S.C. Statehouse Report
March 14, 2004
VIEW: http://www.statehousereport.com/columns/04.0314.veto.htm

Jobs bill veto should not hurt Sanford
By Andy Brack
SC Statehouse Report

MARCH 14, 2004 -- Because Gov. Mark Sanford is still without a major legislative victory since being elected in 2002, you'd think he wouldn't veto a jobs bill that is important to state legislators.

But veto it he will, most likely. And interestingly, it probably won't cause him too many problems.

"Maybe he's a lot like the Chicago Cubs," one legislative insider mused. "He can lose and the public still loves him."

In the past week, the House and Senate approved a jobs bill packed with a lot of stuff that will benefit a lot of constituencies. Not only would it allow the state to borrow up to $500 million for college research and economic development projects, but it would provide incentive tax credits to attract pharmaceutical and biotech companies - - including one that reportedly will bring a lot of jobs to the Upstate.

Furthermore, the bill would create a $50 million venture capital fund to help startup companies. It also would allow Trident Technical College to establish a four-year culinary arts program, which would help to mitigate Charleston's loss of the Johnson and Wales school that fuels young talent into tourist-packed restaurants. Finally, the bill would allow USC-Sumter to transform from a two-year to a four-year university.

This last bit is the rub for Sanford, who has threatened to veto the whole bill since last year because he believes it's inappropriate to expand the university system - - especially when he wants to close the USC-Salkahatchie and USC-Union campuses.

But remember, Sanford is scoreless on major legislative initiatives last year and this year in the General Assembly. Why would he veto something an overwhelming majority of House members and senators approved? Why would he even consider such a thing when he still wants state lawmakers to approve his income-tax reduction plan, a school voucher plan and a major restructuring of state government?



McLEMORE'S WORLD: Weight debate

SCORECARD: Winners and losers of the past week



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Because he can. First, he knows the legislature likely will override the veto. Second, they know he knows, so they're not really threatened by the potential veto. They'll just override it and move along.

A long-time Republican lobbyist called this a win-win scenario for state lawmakers and the governor. They'll win because they'll get the bill packed with a lot of legislative Christmas gifts. And Sanford can veto the bill without fear of looking hypocritical if had he signed it.

"I don't think he really cares what the legislature thinks," another observer noted. "He's more concerned with the public."

* * *

Here's a dumb idea: Amend the state constitution to protect hunting and fishing.

For the last half dozen years, I've sat on a non-profit board of a large state hunting, fishing and conservation organization. In all of that time, I can't remember any of the hunters or anglers complaining their rights to hunt and fish were threatened.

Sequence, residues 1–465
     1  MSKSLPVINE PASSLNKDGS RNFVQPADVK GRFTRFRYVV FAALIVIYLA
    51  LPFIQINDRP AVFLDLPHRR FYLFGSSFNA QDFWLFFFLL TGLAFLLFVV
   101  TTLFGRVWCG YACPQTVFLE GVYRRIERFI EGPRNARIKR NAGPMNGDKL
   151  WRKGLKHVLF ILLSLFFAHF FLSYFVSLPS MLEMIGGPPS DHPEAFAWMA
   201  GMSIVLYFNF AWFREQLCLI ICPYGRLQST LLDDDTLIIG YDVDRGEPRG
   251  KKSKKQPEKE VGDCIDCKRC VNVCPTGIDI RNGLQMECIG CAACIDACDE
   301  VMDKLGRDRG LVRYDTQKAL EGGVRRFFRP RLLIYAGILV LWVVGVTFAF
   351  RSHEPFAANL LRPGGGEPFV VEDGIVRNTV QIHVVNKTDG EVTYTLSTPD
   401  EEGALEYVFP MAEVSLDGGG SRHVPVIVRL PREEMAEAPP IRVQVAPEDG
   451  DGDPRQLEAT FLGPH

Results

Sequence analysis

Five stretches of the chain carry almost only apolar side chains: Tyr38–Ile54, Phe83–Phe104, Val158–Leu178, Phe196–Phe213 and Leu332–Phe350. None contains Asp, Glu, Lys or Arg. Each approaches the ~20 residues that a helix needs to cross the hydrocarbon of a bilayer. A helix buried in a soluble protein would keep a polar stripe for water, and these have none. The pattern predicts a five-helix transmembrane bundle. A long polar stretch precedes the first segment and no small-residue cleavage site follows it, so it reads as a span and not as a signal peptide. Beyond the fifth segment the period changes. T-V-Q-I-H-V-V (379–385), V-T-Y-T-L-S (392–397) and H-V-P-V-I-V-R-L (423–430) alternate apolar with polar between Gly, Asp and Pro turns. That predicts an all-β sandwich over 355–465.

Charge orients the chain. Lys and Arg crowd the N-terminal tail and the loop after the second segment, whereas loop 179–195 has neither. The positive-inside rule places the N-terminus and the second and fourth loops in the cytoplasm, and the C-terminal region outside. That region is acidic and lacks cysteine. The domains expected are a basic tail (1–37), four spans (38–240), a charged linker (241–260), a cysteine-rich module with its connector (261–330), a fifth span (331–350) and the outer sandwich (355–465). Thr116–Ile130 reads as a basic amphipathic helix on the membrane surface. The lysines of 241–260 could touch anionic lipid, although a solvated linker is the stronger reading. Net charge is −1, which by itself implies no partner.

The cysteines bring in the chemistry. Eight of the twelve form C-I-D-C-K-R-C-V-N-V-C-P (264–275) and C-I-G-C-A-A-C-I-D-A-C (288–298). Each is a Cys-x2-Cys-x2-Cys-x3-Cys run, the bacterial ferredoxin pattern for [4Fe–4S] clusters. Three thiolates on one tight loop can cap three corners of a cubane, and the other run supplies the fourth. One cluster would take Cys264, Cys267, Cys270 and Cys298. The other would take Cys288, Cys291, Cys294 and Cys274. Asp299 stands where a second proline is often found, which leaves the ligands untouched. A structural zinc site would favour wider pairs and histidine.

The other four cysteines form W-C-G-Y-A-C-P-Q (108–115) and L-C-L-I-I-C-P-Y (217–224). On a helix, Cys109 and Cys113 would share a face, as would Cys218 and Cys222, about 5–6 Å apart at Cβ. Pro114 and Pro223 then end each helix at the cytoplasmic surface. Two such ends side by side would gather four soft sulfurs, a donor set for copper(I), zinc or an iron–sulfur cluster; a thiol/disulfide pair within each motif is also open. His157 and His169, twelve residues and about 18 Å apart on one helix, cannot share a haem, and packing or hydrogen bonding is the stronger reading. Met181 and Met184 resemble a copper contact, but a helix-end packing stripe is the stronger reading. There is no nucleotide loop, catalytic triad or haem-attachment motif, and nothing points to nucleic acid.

Yet that hasn't stopped an obviously partisan attempt to push through a constitutional amendment to guarantee the right to hunt and fish to South Carolinians. The bill, offered by Rep. Brian White, R-Anderson, has passed the SC House and now is in the Senate.

State wildlife officials say they didn't ask for the bill. They're more concerned with legislative attempts to cut their budget more. As best as we can tell, major hunting and fishing organizations aren't hot and bothered about the measure.

What's irksome about the proposal is it seeks to amend the state constitution with a measure, that as far as we can tell, really isn't on anybody's radar screen. For the state constitution to maintain its integrity, lawmakers should resist attempts to fiddle with it - - especially over something like this.

Proponents of the bill appear to be pushing the bill for political purposes. They appear to think it will rally a conservative base to their side in a presidential election year. But the bill may backfire. Its unintended consequence may be that it gets animal rights people hot and bothered about something they may not have really considered an issue.

Let's hope this one dies a quick death in the Senate this year.

Weight debate

This week's cartoon by our Bill McLemore:


Here's a "thumbs up" and "thumbs down" related to various political events from the past week:

Thumbs up

Sanford, House Dems. Congrats to the governor and House Dems for objecting to reliance of one-time monies in the new budget.

Legislature. Congrats on approving the Life Sciences Act - - the packed jobs and economic bill that passed both chambers. Let's hope the overwhelming support will continue in face of a probable gubernatorial veto.

Thumbs down

GOP House. The leadership ran roughshod over the SC Conservation Bank by underfunding it and then fiddling with the money (and taking away authority of bank members) by steering $5 million for beach renourishment -- a different mission than the bank was set up to fund.

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